A recent survey conducted by State Street reveals that major investment institutions acknowledge data's transformative power but lack the technical capability to harness it fully.
The findings of the State Street Data Opportunity Study 2023, which analysed responses from 520 global asset owners and managers, including 35 from Australia, show that the finance industry is increasingly looking towards a data-driven future.
Tim Helyar, State Street Country Head in Australia, elaborates on the significance of these results. According to Helyar, "more than 80% of institutions expect sizeable opportunities to emerge from enhanced data management and usage."
The study distilled a positive optimism, with almost 40% of the respondents anticipating significant or transformational prospects deriving from advanced data utilisation.
As organisations integrate their front, middle, and back-office systems, they broaden their data usage perspectives. They view this integration as an enabler for enhanced decision-making beyond tactical reporting or cost control initiatives.
"And the result of a holistic data strategy has been increased investment returns and tremendous customer success," stated Tim Helyar.
The survey validates this claim, demonstrating that 65% of asset owners witnessed an improvement in their investment returns by at least 10% through deploying a comprehensive data strategy. Almost 75% of traditional asset managers noticed at least a 10% increase in customer retention.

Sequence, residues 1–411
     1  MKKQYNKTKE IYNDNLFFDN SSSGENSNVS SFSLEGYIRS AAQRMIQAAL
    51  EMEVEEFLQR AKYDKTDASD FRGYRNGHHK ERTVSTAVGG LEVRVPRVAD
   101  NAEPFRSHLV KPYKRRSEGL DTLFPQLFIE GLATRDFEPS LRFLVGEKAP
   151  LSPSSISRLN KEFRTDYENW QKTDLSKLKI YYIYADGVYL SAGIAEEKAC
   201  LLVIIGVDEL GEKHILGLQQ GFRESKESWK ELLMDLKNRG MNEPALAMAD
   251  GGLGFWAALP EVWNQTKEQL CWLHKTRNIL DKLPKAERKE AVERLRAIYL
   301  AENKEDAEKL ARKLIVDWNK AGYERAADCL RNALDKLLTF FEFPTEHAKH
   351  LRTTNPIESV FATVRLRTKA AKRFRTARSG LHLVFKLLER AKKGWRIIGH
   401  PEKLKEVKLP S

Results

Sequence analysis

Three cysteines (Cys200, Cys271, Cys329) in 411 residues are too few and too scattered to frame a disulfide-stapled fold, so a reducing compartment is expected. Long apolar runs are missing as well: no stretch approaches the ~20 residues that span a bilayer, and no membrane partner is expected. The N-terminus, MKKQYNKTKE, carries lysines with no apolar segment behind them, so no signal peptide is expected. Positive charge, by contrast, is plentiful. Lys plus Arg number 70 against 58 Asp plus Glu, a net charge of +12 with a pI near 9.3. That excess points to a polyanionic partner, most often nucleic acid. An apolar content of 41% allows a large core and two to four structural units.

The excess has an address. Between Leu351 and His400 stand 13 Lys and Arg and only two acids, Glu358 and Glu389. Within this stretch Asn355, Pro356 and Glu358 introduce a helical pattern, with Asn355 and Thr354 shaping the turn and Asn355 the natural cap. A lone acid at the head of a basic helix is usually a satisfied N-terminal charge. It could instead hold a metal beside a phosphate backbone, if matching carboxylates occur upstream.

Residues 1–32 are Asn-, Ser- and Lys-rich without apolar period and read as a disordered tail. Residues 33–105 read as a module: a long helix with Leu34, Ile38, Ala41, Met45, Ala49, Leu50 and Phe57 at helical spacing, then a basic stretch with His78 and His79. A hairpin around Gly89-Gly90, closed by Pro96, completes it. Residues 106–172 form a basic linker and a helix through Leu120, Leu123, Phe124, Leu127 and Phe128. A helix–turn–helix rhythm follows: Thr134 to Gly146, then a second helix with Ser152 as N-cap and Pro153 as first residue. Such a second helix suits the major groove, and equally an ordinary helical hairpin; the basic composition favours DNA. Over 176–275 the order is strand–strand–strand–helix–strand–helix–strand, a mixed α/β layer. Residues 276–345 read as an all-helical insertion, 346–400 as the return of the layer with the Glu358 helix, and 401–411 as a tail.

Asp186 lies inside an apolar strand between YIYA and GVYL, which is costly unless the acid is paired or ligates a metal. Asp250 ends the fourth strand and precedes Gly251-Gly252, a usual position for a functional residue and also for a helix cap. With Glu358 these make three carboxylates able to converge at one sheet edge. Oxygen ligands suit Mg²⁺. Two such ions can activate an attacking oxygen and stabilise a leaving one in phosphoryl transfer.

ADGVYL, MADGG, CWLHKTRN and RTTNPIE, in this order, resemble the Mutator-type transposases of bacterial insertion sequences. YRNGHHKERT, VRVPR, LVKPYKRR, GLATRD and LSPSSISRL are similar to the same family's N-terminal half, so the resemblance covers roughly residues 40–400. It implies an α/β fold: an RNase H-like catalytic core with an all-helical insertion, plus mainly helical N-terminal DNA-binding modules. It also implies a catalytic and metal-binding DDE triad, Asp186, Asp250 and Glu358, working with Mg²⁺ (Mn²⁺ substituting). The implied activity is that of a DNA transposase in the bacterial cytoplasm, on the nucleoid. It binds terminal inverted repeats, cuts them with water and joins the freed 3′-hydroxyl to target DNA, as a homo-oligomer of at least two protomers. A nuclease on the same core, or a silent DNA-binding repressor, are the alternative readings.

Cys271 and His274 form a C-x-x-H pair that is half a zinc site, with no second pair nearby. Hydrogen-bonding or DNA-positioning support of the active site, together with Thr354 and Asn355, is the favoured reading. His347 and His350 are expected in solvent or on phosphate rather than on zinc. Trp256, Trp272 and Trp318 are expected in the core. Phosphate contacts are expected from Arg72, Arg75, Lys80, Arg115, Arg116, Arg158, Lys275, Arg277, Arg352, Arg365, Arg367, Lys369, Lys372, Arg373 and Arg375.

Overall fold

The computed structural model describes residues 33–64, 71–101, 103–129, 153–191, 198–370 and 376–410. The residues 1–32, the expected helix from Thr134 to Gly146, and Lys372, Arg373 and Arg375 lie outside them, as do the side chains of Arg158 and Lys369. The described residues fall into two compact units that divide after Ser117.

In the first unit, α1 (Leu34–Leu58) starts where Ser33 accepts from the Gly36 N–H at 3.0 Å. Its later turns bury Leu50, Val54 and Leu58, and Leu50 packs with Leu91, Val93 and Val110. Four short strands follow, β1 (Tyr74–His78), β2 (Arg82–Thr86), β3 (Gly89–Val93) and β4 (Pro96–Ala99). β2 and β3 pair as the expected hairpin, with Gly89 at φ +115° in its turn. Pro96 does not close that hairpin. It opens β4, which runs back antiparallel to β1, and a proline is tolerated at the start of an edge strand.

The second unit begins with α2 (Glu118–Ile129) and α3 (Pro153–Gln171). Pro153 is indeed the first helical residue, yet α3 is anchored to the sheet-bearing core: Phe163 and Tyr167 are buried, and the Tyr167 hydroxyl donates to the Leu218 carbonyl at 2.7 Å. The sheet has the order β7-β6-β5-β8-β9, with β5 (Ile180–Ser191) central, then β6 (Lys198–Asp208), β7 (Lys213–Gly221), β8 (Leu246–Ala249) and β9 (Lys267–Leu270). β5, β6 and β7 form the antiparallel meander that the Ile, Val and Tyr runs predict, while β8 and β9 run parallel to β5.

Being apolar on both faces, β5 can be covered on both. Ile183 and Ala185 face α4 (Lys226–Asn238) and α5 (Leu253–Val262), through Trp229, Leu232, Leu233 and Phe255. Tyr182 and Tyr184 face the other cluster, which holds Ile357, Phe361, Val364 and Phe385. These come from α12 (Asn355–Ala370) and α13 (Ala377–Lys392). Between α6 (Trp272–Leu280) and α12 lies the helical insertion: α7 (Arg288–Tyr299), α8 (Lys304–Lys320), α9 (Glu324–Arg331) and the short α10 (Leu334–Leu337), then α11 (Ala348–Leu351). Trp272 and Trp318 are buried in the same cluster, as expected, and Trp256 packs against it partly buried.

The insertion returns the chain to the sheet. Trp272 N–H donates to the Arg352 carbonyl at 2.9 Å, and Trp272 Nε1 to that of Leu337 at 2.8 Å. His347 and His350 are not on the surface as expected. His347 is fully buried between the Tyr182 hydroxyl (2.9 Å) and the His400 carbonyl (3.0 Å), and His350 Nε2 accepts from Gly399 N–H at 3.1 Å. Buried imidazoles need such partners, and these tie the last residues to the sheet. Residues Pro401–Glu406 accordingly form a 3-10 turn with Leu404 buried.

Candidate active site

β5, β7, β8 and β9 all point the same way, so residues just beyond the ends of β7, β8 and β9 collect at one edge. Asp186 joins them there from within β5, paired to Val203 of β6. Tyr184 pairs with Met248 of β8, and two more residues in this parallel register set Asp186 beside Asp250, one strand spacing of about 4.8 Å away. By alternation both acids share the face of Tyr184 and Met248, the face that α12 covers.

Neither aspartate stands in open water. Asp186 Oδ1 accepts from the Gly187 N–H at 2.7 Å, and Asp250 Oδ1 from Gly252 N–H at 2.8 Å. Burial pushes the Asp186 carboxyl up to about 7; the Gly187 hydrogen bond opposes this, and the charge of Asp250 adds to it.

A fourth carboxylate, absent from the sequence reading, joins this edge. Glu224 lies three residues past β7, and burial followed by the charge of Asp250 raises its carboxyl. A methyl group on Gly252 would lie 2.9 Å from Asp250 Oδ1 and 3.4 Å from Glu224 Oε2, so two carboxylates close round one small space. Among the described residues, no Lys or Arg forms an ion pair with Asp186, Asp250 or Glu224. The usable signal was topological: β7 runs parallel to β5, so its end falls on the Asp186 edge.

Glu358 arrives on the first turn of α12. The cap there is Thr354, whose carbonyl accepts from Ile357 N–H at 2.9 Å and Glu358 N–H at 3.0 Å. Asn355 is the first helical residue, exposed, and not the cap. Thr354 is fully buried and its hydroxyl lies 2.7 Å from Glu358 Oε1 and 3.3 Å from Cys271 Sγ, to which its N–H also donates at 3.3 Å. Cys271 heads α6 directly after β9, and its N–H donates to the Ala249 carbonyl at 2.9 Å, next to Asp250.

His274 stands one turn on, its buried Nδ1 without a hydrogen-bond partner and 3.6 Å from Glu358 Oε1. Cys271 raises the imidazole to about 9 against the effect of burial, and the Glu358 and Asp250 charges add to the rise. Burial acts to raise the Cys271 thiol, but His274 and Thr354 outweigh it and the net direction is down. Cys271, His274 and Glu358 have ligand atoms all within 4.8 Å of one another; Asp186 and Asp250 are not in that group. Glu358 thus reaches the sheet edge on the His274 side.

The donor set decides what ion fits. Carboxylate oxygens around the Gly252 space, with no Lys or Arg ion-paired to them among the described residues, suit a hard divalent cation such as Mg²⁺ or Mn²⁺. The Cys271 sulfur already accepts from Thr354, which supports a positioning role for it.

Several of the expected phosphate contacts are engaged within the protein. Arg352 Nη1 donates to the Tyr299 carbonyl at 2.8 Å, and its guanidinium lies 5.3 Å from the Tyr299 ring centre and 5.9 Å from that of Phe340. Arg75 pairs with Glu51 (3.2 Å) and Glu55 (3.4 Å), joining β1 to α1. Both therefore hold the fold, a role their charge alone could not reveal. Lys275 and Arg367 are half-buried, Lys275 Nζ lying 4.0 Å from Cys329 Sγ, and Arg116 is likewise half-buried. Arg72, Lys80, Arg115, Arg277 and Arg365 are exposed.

In Australia, interest in obtaining a comprehensive view of fund performance is soaring. Asset owners aim to clearly understand complex data strands from an array of sources integral to their portfolios from the start of the trading day.
Heylar continues: "In Australia, asset owners are particularly interested in achieving a 'whole of fund' view."
"They want to understand where complex strands of data from multiple sources, some external, and across disparate areas of their portfolios, are from the start of the trading day, and every day."
Despite the apparent incentives, over 75% of institutions rate their data capabilities across access, analytics, accuracy, and governance as nascent or intermediate. "For the majority of the respondents, more than 25% of their existing technology needs an upgrade to meet their strategic goals," Helyar commented.
Institutional efforts currently focus on talent development, enhancement of data governance, and cyber-security fortification. Over the short to medium term, a gradual shift towards cloud storage, big data, and artificial intelligence (AI) is anticipated.
Institutions forecast the permeation of AI into diverse functions such as cyber-security, customer experience, and investment analysis, ultimately leading to AI-enabled personalised investment advice.
However, this forward momentum is not without its hurdles. One of the key challenges lies in sourcing data-literate talent, with a lack of skilled personnel causing project delays and high contractor costs.
"The survey results show existing staff lack time to keep on top of the latest tech developments, and firms fall short on finding the right programs to train talent," Tim Helyar observed.
Despite these potential roadblocks, the Asia–Pacific (APAC) region remains notably optimistic about a data-driven future, with 45% of its institutions anticipating significant or transformational impacts.